The second edition, while being as all-embracing in its coverage as the first edition, represents a wholesale revamping. Neil Smelser and Richard Swedberg have kept the main overall framework intact, but nearly two-thirds of the chapters are new or have new authors. As in the first edition, they bring together leading sociologists as well as representatives of other social sciences. But the thirty chapters of this volume incorporate many substantial thematic changes and new lines of research--for example, more focus on international and global concerns, chapters on institutional analysis, the transition from socialist economies, organization and networks, and the economic sociology of the ancient world. The Handbook of Economic Sociology, Second Edition is the definitive resource on what continues to be one of the leading edges of sociology and one of its most important interdisciplinary adventures. It is a must read for all faculty, graduate students, and undergraduates doing work in the field.
A thoroughly revised and updated version of the most comprehensive treatment of economic sociology available
Almost two-thirds of the chapters are new or have new authors
Authors include leading sociologists as well as representatives of other social sciences
Substantial thematic changes and new lines of research, including more focus on international and global concerns, institutional analysis, the transition from socialist economies, and organization and networks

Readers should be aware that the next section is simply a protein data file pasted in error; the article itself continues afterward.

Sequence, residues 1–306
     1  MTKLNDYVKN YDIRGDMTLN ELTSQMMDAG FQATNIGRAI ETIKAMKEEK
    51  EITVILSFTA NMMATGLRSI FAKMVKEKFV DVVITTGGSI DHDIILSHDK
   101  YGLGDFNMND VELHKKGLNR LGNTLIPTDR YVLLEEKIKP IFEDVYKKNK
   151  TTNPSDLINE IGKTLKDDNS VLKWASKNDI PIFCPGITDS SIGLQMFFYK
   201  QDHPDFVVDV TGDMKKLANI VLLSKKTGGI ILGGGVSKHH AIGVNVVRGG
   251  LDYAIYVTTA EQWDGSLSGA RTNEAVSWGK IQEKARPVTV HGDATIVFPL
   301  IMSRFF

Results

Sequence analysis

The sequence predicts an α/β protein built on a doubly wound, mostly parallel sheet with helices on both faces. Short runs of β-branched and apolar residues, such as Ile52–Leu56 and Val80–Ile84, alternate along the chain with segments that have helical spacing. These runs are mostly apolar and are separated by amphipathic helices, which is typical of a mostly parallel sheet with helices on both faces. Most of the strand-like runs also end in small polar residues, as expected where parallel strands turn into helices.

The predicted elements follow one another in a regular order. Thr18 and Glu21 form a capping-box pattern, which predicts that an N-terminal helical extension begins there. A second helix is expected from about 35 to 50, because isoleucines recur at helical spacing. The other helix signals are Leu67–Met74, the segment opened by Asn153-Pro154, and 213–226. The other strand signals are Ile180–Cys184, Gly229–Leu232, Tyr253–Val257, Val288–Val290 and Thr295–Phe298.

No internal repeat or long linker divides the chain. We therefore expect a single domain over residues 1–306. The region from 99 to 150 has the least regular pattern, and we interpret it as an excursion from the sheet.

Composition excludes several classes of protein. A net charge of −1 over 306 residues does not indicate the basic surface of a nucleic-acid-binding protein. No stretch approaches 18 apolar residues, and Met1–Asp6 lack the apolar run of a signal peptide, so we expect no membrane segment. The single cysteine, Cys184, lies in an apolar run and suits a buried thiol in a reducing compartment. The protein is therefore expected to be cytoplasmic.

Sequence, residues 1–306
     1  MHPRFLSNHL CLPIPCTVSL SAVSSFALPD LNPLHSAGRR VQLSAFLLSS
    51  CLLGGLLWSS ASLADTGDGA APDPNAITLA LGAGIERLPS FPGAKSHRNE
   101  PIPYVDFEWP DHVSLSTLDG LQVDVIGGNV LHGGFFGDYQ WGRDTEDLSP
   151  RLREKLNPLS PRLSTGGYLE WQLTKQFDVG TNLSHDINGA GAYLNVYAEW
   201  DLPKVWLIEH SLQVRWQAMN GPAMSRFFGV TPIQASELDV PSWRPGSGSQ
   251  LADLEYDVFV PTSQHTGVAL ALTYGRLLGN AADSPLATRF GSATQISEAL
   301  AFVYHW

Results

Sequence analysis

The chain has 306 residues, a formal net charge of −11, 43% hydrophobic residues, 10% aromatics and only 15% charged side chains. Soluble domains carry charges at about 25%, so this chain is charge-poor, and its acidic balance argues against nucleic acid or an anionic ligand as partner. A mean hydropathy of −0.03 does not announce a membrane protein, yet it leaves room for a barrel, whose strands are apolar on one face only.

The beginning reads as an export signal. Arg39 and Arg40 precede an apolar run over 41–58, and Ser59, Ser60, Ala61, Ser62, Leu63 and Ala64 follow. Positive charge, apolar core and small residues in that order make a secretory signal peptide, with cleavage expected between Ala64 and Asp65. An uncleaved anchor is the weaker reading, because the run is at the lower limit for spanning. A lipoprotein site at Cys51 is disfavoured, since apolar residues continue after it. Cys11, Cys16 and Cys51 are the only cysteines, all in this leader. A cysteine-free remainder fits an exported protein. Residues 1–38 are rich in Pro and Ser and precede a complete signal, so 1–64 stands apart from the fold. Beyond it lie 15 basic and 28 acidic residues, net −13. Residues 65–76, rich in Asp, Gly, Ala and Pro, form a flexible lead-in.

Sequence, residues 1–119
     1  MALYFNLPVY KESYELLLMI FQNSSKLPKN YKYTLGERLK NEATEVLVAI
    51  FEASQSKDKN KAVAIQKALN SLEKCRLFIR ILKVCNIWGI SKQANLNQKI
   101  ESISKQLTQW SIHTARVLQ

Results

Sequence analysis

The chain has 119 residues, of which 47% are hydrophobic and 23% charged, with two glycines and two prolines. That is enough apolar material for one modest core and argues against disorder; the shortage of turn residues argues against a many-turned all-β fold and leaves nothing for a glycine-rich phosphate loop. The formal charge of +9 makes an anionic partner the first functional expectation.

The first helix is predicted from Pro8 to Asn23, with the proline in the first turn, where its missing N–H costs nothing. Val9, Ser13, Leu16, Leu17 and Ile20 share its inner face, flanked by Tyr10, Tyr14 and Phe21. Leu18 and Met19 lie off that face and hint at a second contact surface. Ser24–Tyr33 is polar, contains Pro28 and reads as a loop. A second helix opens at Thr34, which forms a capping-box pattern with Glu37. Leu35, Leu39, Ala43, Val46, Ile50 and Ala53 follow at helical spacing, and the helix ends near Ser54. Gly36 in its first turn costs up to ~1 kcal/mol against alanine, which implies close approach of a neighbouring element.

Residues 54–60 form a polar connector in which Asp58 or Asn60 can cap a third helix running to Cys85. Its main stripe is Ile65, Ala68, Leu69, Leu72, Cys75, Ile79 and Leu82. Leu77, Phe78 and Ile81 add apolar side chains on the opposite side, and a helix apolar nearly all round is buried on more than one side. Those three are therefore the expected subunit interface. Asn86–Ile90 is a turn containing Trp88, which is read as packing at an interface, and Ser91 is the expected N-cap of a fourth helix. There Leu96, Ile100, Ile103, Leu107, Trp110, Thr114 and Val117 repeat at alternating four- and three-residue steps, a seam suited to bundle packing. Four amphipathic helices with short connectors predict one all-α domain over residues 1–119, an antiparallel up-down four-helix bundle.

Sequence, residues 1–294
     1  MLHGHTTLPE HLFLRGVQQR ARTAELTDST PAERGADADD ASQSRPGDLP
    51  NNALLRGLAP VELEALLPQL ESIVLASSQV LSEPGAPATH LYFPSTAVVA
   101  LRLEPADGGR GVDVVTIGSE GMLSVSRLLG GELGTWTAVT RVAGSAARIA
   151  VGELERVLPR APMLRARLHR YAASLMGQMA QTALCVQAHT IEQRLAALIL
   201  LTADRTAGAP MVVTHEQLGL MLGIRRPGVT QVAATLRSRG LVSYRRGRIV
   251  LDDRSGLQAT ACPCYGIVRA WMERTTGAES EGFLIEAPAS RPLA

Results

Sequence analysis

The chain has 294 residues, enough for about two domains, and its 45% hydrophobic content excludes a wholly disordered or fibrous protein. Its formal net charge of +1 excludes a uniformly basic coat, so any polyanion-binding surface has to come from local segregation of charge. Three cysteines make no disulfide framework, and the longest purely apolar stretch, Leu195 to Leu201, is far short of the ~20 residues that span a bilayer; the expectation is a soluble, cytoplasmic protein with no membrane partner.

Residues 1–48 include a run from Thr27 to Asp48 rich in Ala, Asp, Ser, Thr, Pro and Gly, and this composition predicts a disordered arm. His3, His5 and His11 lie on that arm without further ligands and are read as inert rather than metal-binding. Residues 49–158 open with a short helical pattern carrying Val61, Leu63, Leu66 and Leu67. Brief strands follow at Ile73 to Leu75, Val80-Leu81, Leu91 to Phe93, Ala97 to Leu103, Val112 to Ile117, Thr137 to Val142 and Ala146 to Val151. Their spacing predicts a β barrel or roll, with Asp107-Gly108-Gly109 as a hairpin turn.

The definitive resource on what continues to be one of the leading edges of sociology and one of its most important interdisciplinary adventures
A must read for faculty, graduate students, and undergraduates doing work in the field
The first in-depth, comparative study of the development of inheritance law in the United States, France, and Germany, Inherited Wealth investigates longstanding political and intellectual debates over inheritance laws and explains why these laws still differ so greatly among these countries. Using a sociological perspective, Jens Beckert sheds light on the four most controversial issues in inheritance law during the past two centuries: the freedom to dispose of one's property as one wishes, the rights of family members to the wealth bequeathed, the dissolution of entails (which restrict inheritance to specific classes of heirs), and estate taxation. Beckert shows that while the United States, France, and Germany have all long defended inheritance rights based on the notion of individual property rights, they have justified limitations on inheritance rights in profoundly different ways, reflecting culturally specific ways of understanding the problems of inherited wealth.
This rehabilitation of economic sociology begins with a reconsideration of the character, scope, and development of the field. The author then grounds his sociological approach to economic exchange in social action and structure before examining the role of social motivations in economic exchange. He then examines the political structuration, the cultural constitution, and the social construction of economic exchange and exchange cycles. The book concludes with a discussion of the character and variation of economic exchange in comparative social systems and the relationships of exchange, economic development, and social variables. This unique and persuasive book is an important contribution to the study of economic sociology and sociological theory.